- Transparency - Transparency is necessary for democratic accountability and enablespolicymakers, voters, and parents to make informed decisions regarding elementary and secondary education. Policymakers need transparency to understand the impactof public policy. Citizens need transparency to hold officialsaccountable for how their tax dollars are spent.
Policies Supported: Financial Transparency/Open-checkbook, Simplified Funding Mechanisms, Backpack/Weighted-Student Funding, Sunshine Laws --
- Efficiency in Funding - As Utah faces declining tax revenues accompanied by a projectedlong-term increase in student population, it is important thatpolicies be put in place to use tax dollars more efficiently andeffectively. This requires streamlining Utah’s complicated fundingsystem. Budgets should be created from the bottom-up (rather than thetop-down), providing schools the flexibility to innovate and adjust tolocal needs. Education dollars belong in the classroom and shouldfollow the student.
Policies Supported: Backpack/Weighted-StudentFunding, Simplified Funding Mechanisms, Empowerment Schools, ConcurrentEnrollment and Early College Credit, Accountability for percentage offunding going directly into the classroom. --
- Quality Instruction - Teacher quality is one of the most important factors influencingstudent achievement. As such, teachers should be compensated asprofessionals with salaries based on their effectiveness and the demandfor their individual expertise. We support policies that reward andrecognize teachers for excellence and individual student gains. Suchpolices put teachers in control of their own compensation. Alternativeroutes to licensure should be used to attract other highly qualifiedprofessionals into the classroom. To prepare students for futureemployment, Utah’s elementary and secondary education programs and curriculum must keep pace with a21st century global economy.
Policies Supported:Performance/Merit Pay, Differential Pay, Alternative TeacherCertification, Alternative Routes to Licensure, Equal Access byProfessional Teacher Associations, Math Initiative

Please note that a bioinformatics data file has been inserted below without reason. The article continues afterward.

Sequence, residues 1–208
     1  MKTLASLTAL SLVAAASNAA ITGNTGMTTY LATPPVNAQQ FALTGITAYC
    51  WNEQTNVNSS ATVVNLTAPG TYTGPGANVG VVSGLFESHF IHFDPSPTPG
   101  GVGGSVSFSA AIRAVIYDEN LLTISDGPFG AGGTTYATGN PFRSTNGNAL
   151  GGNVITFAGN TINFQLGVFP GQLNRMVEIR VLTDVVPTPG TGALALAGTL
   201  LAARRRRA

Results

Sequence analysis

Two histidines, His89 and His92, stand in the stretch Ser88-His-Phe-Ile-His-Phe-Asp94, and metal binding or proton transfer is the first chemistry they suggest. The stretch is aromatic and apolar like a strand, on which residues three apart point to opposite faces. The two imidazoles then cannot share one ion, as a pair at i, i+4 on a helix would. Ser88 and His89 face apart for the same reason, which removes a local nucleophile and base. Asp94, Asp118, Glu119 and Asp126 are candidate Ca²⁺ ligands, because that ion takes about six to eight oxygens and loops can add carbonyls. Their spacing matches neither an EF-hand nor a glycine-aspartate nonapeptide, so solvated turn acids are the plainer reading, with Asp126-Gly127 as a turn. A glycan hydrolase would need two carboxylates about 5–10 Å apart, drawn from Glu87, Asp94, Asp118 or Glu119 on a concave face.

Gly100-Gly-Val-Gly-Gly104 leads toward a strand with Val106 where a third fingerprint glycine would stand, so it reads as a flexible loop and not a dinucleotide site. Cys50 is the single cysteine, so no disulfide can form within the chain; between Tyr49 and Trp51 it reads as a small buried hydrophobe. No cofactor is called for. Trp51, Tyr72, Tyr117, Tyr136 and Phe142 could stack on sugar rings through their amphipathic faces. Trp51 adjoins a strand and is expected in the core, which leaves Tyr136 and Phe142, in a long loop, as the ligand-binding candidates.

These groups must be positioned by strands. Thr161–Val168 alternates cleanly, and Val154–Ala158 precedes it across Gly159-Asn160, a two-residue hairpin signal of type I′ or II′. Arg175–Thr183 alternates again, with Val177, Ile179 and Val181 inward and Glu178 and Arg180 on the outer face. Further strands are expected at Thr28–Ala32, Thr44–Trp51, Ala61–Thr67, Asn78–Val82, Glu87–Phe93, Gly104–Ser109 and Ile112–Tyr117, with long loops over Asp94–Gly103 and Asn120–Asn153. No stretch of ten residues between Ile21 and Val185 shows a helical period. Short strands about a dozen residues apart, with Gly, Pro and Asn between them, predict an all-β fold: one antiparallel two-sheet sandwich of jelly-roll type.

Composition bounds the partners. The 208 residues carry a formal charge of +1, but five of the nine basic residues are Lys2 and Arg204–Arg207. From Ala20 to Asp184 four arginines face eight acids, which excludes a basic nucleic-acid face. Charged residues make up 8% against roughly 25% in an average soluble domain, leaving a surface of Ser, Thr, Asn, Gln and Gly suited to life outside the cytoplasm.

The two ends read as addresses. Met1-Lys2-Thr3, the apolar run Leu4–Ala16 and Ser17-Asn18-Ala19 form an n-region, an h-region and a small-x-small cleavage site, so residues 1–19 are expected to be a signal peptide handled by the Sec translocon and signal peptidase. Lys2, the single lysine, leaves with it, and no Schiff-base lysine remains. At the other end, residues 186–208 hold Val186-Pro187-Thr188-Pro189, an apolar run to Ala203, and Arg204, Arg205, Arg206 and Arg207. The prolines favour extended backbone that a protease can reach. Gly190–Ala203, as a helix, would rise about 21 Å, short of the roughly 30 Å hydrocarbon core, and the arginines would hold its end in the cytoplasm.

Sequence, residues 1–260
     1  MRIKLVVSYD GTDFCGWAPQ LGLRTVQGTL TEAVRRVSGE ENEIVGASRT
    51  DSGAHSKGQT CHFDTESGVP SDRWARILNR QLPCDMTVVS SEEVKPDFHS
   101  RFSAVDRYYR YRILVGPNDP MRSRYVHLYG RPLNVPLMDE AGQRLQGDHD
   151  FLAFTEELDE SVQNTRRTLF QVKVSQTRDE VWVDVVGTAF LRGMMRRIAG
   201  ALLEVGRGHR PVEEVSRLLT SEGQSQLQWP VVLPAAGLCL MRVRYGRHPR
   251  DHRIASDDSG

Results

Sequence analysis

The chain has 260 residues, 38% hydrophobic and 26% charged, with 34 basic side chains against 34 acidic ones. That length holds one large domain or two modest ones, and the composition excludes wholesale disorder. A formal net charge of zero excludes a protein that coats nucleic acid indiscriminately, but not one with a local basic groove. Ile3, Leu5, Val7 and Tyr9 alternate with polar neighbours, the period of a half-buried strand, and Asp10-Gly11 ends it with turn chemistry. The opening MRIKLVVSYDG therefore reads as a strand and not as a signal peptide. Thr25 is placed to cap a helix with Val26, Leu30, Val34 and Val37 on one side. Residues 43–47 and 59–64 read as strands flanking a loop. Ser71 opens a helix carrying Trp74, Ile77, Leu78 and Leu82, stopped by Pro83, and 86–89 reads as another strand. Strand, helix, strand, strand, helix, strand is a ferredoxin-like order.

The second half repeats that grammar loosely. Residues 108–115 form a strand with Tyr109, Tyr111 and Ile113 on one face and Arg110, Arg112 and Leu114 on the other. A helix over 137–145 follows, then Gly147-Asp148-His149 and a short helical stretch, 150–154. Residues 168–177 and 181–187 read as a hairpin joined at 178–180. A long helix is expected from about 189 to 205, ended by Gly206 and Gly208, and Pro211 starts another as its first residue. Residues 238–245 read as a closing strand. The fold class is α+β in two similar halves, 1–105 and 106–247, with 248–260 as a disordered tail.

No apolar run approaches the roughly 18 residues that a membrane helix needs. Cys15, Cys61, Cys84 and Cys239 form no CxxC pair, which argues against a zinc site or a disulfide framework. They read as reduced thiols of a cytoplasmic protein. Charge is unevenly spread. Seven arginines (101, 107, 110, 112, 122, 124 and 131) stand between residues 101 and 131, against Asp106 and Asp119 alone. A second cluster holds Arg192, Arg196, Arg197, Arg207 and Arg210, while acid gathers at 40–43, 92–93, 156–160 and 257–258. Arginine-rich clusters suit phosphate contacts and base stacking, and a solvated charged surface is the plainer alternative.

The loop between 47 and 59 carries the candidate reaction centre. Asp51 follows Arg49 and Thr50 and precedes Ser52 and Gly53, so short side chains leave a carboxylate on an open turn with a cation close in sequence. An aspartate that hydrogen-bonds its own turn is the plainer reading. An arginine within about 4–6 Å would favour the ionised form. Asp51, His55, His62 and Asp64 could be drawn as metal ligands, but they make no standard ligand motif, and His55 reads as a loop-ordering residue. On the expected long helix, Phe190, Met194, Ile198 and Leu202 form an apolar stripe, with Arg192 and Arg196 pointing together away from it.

- Clean and simple design
- Warm, inviting feel (we’re about K-12 education, parents, and kids)
- If done correctly, a visual representation of our support for innovation and progress in education
- Color scheme: the main color of our logo has been a deep red. We’re fine with keeping this color. Other colors from our palette include gray blues, muted spring green, yellow-orange, and light gray. Go to http://choiceineducation.org/index.php to see our current color scheme and current logo.
- Possible taglines: Education Innovation or Your Voice for Education Innovation
- Some flexibilityin the logo presentation for different media. For example, our current logo can be used with the just the graphic acronym "PCE" or with the acronym and the full name of our organization. Having a logo thatcould fit in different layouts (such as a square or a long rectangle) by simply rearranging the main elements of the logo would beuseful. For example, with our our current logo, you can put the name of the organization under the acronym "PCE" for square layouts or have the name off to the side of the acronym for wide layouts.
- Images that evoke the status quo ineducation such as an apple or school bus. We want to show we’re beyond that.
- A logo that looks like it wasdesigned for a school district or PTA group.
- A sleek, corporate feel.